Jan. 11 (Bloomberg) -- Twenty members of Hermes International SCA’s founding family opted against putting their shares in a new holding company, potentially offering an inroad for LVMH Moet Hennessy Louis Vuitton SA to build its stake.
The family members concerned own at least 7 percent of Hermes, an Hermes spokesperson confirmed. The holding company, proposed last month by 52 other relatives to bolster the family’s defense against LVMH, will have 50.2 percent of the Hermes shares and at least as many voting rights, in addition to the first right of refusal on another 12.6 percent of shares.
The founding family, which includes the Dumas, Guerrand and Puech branches, controls more than 70 percent of all Hermes shares. Since LVMH unveiled a 17.1 percent holding in the Birkin bag maker in October, the family has said it wants to keep the company independent. LVMH now owns 20.2 percent of the stock and has said it’s not seeking control or a seat on the Hermes board.
That some family members have opted against putting their shares in the holding company may pave the way for Paris-based LVMH to boost its stake, Luca Solca, an analyst at Sanford C. Bernstein, said in a phone interview.
“The fact that they took the pain to create this holding company in the first place is an indication that the family is less unified than they want us to believe,” Solca said. LVMH Chairman Bernard Arnault may seek to exploit any divisions within the family, the analyst also said.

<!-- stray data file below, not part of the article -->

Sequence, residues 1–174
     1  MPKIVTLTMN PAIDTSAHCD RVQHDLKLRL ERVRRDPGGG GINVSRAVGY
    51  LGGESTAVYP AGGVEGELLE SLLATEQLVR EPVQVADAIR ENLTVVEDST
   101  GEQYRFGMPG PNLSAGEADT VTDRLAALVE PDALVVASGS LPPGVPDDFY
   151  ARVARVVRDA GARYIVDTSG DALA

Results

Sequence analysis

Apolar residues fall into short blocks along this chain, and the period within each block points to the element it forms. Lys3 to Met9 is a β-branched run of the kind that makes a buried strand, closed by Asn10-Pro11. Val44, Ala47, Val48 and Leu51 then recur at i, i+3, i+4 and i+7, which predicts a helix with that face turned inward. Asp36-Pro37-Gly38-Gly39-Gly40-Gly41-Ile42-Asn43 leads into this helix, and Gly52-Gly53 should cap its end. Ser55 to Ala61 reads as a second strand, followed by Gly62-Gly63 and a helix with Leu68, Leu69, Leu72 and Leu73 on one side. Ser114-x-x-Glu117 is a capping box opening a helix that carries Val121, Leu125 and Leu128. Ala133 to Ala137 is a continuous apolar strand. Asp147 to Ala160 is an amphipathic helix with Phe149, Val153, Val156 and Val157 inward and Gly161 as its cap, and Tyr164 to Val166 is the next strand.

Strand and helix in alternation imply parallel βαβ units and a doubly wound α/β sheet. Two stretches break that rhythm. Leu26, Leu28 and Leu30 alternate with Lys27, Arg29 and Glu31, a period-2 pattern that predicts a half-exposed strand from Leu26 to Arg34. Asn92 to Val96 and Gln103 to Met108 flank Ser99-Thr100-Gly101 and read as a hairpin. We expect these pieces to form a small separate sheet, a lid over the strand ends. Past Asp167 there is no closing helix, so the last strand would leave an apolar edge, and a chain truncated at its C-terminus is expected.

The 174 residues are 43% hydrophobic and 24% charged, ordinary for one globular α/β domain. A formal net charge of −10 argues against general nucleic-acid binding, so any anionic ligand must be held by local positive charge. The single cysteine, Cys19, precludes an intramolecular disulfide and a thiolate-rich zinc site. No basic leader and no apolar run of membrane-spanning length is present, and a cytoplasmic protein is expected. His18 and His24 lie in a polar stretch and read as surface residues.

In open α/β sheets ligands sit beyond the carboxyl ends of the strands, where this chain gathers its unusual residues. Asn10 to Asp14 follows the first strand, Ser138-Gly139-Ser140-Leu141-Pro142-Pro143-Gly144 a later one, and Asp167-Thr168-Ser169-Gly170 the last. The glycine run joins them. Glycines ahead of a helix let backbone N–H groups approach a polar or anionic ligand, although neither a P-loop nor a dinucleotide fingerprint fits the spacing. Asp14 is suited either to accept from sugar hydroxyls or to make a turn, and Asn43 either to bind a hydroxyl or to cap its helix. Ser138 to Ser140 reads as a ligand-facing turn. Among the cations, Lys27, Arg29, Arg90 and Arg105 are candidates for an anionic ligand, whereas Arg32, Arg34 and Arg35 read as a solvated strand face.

Olivier Labesse, a spokesman for LVMH, declined to comment.
Hermes shares rose as much as 2.45 euros, or 1.5 percent, to 161.95 euros and traded at 160.95 euros as of 9:35 a.m. in Paris trading. The shares have dropped 9 percent since Oct. 22, the last trading day before LVMH disclosed having bought a stake for an average of about 80 euros a share, or about half the stock’s value at the time. Prior to that, Hermes shares had surged since the May 1 death of former Chief Executive Officer Jean-Louis Dumas on speculation members of the founding family may be more willing to sell.
The 174-year-old company has a market value of 16.9 billion euros ($21.9 billion) while LVMH, the owner of Fendi and Moet champagne, is worth 58.5 billion euros.
The decision by the 20 family members “doesn’t mean they aren’t supportive” of the possible takeover defense, Patrick Albaladejo, Hermes’s deputy managing director, said in a phone interview. They can still put their shares into the new vehicle at a later date and even if they don’t, the family will still have a majority stake and full control of Hermes’s voting rights, he said.
France’s market regulator last week granted the family a waiver on having to bid for the rest of the luxury-goods maker, agreeing that the new structure constituted a reclassification of their shares and didn’t change control of the company. Minority investor group Adam plans to appeal the ruling.
All 72 adult family members sent a letter to employees praising the AMF’s decision, the spokesperson said. While LVMH may raise its Hermes stake to more than 25 percent in the short term, the new holding company’s share bolsters the family’s defense, Solca said.
“To get control of the company, something else will have to happen and this will likely take some time,” he said.
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